At retirement the E-5 of the earlier example can reasonably expect to be an E-7 earning $85K/year, which would equate to a gross retirement income of about $24K/year. The submarine officer will get at least one more promotion (and several pay raises) to retire at $40K-$45K/year.
By ERE standards, especially with inflation protection, that’s more than enough.
Yet consider these statistics: During most of America’s history, only 1% of the population has been on military duty. Today’s total active-duty force is only 1.4 million, and that’s down by nearly 30% since the 1991 Gulf War. (The services are about to embark on another round of cuts which may bring them as low as 1.2 million.) Only 15% stay for at least 20 years. The Air Force (with its well-deserved reputation for comparative "luxury") has as many as 30% of its members make it to retirement. In the Marine Corps (with its own hard-earned reputation) the fraction is 8%.
If the retirement system is so good, then why do five out of six servicemembers quit before 20?
Let’s look at the first glaring issue: workplace mortality. That pension looks pretty good because a few of your battle buddies aren’t going to be alive to collect it.
Next is "wear & tear". Even in the Air Force, it’s a high-stress and physically-active lifestyle. Chronic fatigue is the norm, as are workweeks far in excess of 40 hours. (No overtime pay, either.) Combat mortality may be at an all-time low, but that means the wounded warriors have ever-more severe injuries and disabilities. Although servicemembers spend most of their time outside of a combat zone, they still risk their lives every day by training with high-power equipment, explosives, hazardous substances, and hostile environments. It’s not as bruising as professional football, but 20 years of daily abuse takes a toll. One mistake or a moment of inattention can wipe out years of safety.
Although death and serious injury are relatively rare, there’s still the workplace environment. For example, submariners and aviators have less personal space than convicts in the federal prison system. Soldiers and Marines regularly train in harsh environments. There is very little consideration for work/life balance, let alone for a day off to take care of a sick kid. If you and your spouse are military parents, you’re required to inform your chain of command who’ll care for your kids when (not "if"!) you’re both deployed at the same time. Those caregivers have to sign a statement affirming that they’ll do so, or you’ll have to leave the service.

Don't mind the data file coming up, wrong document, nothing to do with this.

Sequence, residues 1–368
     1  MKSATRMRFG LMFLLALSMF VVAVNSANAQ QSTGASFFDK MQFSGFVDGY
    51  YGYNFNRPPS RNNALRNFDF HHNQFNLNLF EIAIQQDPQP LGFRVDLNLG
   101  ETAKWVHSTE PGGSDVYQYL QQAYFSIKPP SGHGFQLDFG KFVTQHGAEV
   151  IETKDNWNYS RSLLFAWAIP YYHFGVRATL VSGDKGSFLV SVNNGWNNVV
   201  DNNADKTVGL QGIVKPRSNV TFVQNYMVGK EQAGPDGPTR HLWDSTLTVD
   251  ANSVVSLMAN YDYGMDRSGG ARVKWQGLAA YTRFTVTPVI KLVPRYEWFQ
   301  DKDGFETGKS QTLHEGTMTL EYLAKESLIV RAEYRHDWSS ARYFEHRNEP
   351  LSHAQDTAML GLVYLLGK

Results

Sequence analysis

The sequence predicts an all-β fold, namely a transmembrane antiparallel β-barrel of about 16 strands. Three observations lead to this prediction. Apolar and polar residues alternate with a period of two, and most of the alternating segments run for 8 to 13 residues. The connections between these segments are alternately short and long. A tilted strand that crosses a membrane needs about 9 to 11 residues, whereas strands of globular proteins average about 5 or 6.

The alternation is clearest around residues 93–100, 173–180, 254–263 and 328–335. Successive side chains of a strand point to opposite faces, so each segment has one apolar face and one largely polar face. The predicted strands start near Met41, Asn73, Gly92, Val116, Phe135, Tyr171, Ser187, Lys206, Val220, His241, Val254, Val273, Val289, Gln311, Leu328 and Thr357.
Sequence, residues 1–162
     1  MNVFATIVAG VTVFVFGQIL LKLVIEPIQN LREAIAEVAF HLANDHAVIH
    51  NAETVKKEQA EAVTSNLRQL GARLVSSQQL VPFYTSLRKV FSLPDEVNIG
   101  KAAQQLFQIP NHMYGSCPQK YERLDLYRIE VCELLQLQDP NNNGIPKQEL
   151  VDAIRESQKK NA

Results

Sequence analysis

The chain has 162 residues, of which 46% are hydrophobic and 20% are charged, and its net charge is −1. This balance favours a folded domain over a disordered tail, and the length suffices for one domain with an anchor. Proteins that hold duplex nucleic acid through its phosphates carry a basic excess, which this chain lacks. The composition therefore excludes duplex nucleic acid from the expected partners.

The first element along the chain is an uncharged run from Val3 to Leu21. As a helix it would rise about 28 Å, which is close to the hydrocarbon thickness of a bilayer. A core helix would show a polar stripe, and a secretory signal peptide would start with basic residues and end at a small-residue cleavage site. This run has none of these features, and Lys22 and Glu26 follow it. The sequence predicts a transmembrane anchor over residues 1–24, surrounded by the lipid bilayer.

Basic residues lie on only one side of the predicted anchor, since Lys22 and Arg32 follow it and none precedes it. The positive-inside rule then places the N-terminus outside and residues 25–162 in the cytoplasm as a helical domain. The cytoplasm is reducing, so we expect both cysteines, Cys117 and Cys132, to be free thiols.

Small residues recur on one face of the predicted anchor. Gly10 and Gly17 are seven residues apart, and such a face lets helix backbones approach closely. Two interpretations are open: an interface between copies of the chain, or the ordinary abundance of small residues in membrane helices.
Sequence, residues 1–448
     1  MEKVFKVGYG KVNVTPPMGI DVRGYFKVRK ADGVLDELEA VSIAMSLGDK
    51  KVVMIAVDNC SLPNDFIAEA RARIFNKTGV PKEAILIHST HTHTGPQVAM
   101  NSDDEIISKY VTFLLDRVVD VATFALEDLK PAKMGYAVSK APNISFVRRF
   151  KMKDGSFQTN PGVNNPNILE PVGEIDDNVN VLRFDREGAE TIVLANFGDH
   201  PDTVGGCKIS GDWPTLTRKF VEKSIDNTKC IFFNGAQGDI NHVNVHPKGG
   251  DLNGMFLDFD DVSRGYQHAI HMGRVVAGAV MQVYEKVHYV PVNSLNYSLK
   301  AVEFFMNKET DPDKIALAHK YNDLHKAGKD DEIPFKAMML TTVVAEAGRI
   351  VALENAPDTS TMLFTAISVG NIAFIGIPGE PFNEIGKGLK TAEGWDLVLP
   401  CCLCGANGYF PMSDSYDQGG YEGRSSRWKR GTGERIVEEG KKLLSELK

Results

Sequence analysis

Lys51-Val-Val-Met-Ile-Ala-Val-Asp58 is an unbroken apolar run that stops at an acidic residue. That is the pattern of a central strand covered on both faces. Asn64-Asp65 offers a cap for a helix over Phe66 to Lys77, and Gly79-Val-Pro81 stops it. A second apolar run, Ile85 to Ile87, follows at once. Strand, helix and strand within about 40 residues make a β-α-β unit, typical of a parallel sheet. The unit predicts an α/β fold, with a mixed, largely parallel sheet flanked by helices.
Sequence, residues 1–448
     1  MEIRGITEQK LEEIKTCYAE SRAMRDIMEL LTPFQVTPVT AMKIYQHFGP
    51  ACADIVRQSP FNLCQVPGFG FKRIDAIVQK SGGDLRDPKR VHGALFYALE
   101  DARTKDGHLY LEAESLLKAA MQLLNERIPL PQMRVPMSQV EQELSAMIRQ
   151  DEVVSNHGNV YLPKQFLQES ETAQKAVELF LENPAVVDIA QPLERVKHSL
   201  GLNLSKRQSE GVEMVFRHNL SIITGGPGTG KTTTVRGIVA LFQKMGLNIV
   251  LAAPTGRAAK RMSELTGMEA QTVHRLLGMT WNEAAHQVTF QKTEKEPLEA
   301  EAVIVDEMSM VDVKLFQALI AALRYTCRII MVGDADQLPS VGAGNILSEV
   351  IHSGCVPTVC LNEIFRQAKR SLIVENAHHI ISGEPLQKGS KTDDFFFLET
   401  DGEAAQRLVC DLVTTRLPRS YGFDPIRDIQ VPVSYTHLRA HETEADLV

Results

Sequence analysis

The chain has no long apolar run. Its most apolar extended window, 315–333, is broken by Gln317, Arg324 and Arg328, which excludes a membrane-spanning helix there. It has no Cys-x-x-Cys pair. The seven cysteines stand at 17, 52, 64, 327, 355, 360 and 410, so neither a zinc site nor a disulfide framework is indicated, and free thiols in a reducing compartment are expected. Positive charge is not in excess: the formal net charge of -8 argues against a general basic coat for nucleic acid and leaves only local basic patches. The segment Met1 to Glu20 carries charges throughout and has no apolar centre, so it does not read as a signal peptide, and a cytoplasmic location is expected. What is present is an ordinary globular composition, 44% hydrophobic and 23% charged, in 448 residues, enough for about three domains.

If you’re not sure about joining your local police force or being a firefighter, let alone cleaning toilets or doing other humbling jobs, then you probably don’t want to risk
your health in the military either.
The military imposes strict rules of professional and personal conduct, some of which would be illegal in any Fortune 500 corporation. Servicemembers are required to maintain ridiculously high standards of appearance and fitness, including hair and body fat. They’re actively discouraged from smoking or chewing tobacco, having tattoos or piercings, riding motorcycles, or drinking alcohol. Hair coloring, nail polish, and makeup are heavily regulated. Drug use is out of the question, even on leave or liberty. Military records are far less private than for civilians. Even military family lives are subject to constant scrutiny by their chain of command– especially in base housing.
Maybe those five out of six servicemembers quit because they’d seen enough. Maybe the question should be: Why would you join the military in the first place?
For some it’s the only way out of a bad life or a dead-end environment. Others didn’t know what they wanted to do, as long as it wasn’t school or shifts at Taco Bell. In my case it was the irresistible challenge: I could prove myself and be a part of an incredible team. Other veterans joined for the crash course in motivation, commitment, and self-discipline. You’ll have far more responsibility in your 20s (especially in the Marines) than most civilians will get in their 30s. Even better, you’ll have the training & experience to handle it. Recent college graduates manage million-dollar budgets and make life-or-death decisions before they get their graduate degrees.
Above all, the initiative and perseverance have to come from within. "Getting rich" will not fuel those drives through the first service obligation, let alone for two decades. You keep going because you’re "making something better of yourself", and your military skills will also keep you on the track to ER.
The best reason to join the military is for yourself. The worst reason to join is for the money.